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MMQB - What Protocols Do You Think are Needed for Big Ten Sports to Return?

What needs to happen for the presidents to reverse course?

Jane Tyska/Digital First Media/East Bay Times via Getty Images

There are some rumbles that the Big Ten presidents may be looking to have another vote on the fall season for sports across the conference, and a big part of that has to do with supposed improvements in medical procedures. These procedures and protocols are aimed at reducing the spread of COVID-19, and if they have enough faith in the procedures, we may actually get some semblance of football (and all fall sports) in 2020.

So what sort of protocols do you think will be needed for Big Ten sports to return?

For me, there are a few fairly obvious ones.

Test Result Response Time

I think this one is probably near the top of the list for any return to sports. Sure, you can test players all you want, but if a player goes out to grab some food on a Friday night before a game, then gets tested Saturday morning, you’d like to know pretty much then and there that they’re good to go, or if they caught the Rona.

Are such tests accurate? What’s the actual time from the test to getting results? If a near-instantaneous test is accurate and available, I think it would go a long way toward seeing sports this fall.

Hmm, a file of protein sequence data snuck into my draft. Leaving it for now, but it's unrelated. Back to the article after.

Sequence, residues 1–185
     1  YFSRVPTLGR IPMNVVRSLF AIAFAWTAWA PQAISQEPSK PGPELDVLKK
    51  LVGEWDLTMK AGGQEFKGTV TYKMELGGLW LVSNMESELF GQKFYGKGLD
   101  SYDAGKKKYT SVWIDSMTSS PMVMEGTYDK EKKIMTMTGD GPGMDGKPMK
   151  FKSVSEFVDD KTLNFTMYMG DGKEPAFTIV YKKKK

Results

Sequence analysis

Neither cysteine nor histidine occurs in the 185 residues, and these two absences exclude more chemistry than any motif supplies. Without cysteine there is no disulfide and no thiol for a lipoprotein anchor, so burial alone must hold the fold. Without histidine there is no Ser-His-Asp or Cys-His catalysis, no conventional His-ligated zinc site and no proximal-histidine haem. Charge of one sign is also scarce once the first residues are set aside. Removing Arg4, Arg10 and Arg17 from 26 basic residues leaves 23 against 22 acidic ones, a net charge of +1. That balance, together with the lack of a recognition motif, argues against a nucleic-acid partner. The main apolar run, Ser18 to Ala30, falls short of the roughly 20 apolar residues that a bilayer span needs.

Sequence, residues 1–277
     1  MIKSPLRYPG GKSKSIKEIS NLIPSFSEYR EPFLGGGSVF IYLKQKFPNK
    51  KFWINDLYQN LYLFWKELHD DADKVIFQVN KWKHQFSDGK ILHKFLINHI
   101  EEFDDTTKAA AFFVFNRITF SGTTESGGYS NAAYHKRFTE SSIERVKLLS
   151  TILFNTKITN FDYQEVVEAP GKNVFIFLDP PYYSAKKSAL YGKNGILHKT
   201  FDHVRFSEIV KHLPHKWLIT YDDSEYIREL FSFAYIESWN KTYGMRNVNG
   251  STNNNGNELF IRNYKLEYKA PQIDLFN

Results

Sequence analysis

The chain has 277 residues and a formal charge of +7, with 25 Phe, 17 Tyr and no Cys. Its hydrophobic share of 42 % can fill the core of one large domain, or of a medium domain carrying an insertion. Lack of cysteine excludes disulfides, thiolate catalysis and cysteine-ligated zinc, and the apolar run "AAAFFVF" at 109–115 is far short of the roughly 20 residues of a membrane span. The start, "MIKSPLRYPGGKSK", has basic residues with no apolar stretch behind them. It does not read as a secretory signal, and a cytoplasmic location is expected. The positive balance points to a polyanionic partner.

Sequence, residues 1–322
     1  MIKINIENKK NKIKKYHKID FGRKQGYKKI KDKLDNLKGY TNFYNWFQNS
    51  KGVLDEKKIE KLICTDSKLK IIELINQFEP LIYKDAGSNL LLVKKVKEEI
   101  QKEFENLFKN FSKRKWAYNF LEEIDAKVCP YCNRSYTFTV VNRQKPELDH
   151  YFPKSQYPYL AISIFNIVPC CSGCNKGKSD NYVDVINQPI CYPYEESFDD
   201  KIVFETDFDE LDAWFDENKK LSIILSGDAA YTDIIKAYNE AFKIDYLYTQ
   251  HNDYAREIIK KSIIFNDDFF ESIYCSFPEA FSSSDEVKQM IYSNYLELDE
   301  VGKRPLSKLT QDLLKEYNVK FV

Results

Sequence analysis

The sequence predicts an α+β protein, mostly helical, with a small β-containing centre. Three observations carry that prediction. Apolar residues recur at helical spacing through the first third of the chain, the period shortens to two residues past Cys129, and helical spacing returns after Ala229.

Quarantine and Contact Tracing

I think you could argue that athletes are in a better position to stay healthy, given the amount of medical professionals surrounding them. But still, they’re college kids, and college kids are going to go out, and mingle with other college kids. It’s a huge part of being a student at a university, and I don’t think you can - or should - limit an athlete from doing such things.

So what happens when the inevitable occurs, and an athlete comes down with the ‘VID? Quarantine seems fairly easily attainable, and but it goes hand in hand with the quick-turn testing to figure out exactly when they caught it. If you don’t know exactly when and where someone got sick, you end up having to quarantine roommates, position groups, or even whole teams.

That’s not even including other college students that may have gotten it. Knowing exactly when and where someone got sick, to limit further exposure, and avoid as many impacts to the team, seems pretty important.

The Basics

By now, masks are a part of life. Social distancing is a part of life. Periodic temperature scans, hand-washing, sanitizing, etc. are all parts of life. I have no doubt that the PSU athletic department is on top of all of these things, but all of it would need to be pretty well standardized - and enforced - across the conference for the presidents to agree to allow sports. Will a team like Iowa or Nebraska be as adamant about these things as a team like Michigan or Penn State? Who knows.

The Repercussions

Which leads me to my last point, and perhaps the most controversial. What happens if one team - either through negligence or willfully flouting the guidelines - causes an outbreak? Or for a game to be canceled? Most players and coaches want to play, so many would be pretty irked if they had a game - or the season - canceled because another team was trying to get ahead by hiding health information. What sort of penalties would be out there for teams not following the rules? And again, who enforces those penalties?

You would hope that most teams would strictly follow the rules so that everyone could play, but it takes just one kid pooping in the sandbox to shut the whole thing down.

What say you? What other protocols would be needed for sports to return this fall across the Big Ten?